2 - Is Anxiety Inherited,
Is It Genetic?



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Learning how your inherited tendencies affect your responses to everyday life is the key to overcoming anxiety. If you have difficulties with anxiety I'll bet that you have a close relative who has problems with worry, anxiety or phobias too.

family group showing heredity

Many clients I have seen over the years have told me that their partners are the exact opposite to them and are very laid back. They then tell me that their children have followed either the calm, laid back parent or the anxious one. This depended on the type of arousal system passed down genetically to these children by their parents. It wasn't influenced by the way their parents behaved.

If a child with a quick-acting system lived only with laid-back parents they would most probably still have difficulties with anxiety-related issues. Likewise a child who inherited a very slow-responding system would be extremely unlikely to develop anxiety difficulties even if brought up by two parents who worried constantly.

At one end of the scale are people who are born with very slow reacting arousal systems. Such people are often described as 'laid back'. 





At the other end of the scale are those people who have been given in their genes an arousal system which is almost too responsive and zooms up too quickly. This is the case with people who have anxiety-related problems.

It's the same in the animal world. Anyone who has kept horses will know that some spook at anything whereas others appear relatively unconcerned. With horses, however, it is possible to train a nervous horse to react in a more laid-back manner. 

If you want to train horses to be ridden you don't want them to spook and try to bolt every time they see a bit of rubbish, such as a plastic bag, blowing in the wind. Most foals will instinctively react with anxiety at the sight of a flapping carrier bag, although some are more afraid than others. Many horse breeders spend time training their foals not to be afraid of such things.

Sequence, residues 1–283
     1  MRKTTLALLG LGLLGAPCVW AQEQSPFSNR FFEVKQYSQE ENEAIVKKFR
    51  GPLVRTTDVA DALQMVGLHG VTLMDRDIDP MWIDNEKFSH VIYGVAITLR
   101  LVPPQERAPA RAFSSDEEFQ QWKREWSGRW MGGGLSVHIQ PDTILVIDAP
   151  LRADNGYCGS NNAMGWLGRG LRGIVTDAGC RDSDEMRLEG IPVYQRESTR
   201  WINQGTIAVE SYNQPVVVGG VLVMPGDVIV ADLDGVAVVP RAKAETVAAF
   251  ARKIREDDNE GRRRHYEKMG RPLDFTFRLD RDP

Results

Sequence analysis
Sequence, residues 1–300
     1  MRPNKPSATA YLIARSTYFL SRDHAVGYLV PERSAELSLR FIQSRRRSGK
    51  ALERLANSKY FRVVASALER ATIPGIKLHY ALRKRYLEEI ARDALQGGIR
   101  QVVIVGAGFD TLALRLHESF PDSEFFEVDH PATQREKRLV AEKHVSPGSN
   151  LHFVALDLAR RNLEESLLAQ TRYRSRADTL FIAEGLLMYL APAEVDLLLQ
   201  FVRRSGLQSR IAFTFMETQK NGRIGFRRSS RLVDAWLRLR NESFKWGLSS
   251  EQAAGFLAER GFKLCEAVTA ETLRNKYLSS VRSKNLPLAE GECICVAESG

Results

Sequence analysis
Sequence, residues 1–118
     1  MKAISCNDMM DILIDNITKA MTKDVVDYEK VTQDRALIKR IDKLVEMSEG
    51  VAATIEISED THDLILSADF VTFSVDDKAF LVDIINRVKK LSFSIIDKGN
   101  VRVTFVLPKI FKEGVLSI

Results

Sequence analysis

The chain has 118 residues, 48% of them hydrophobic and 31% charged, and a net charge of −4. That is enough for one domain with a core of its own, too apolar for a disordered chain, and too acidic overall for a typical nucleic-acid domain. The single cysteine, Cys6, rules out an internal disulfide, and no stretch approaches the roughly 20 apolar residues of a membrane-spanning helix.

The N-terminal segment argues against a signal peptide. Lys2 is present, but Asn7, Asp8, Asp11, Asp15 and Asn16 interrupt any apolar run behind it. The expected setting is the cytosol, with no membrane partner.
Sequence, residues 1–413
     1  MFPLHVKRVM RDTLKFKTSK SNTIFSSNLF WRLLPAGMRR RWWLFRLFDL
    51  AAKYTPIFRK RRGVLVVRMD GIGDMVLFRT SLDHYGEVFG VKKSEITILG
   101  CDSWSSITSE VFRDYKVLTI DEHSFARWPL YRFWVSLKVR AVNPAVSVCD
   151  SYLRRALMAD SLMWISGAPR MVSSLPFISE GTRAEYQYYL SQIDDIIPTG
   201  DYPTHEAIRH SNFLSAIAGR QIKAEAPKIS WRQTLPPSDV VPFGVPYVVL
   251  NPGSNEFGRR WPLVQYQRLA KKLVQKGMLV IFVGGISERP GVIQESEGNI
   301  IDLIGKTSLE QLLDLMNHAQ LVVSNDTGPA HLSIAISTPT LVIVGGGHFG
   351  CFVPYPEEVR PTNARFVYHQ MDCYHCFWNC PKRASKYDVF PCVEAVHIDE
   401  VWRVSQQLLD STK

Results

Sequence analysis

Police horses are trained not to react instinctively to having missiles thrown at them, or things set on fire close by. Training to overcome inherited fear tendencies is possible for both humans and animals.

So, generally speaking, 

if someone has problems with anxiety it is almost always because they were born with a quick-acting arousal system.

How the speed of the system affects anxiety will be made clear when its relationship to the survival instinct is explained.

In the end we are each stuck with the system we are born with. That does not, however, mean we are doomed to be prisoners of it. Even if you are born with a quick-acting arousal system, once you understand it you can learn to make it work for you rather than against you.

If a horse can be taught to overcome its natural instinct to run when it sees a plastic carrier bag flapping in the wind, surely a person can overcome their anxiety triggers in the same way.

It may not be your fault that you have anxiety tendencies but choosing not to do anything constructive about it is down to you and nobody else. That is the key to overcoming anxiety. 

The next step is to understand how the survival instinct works...











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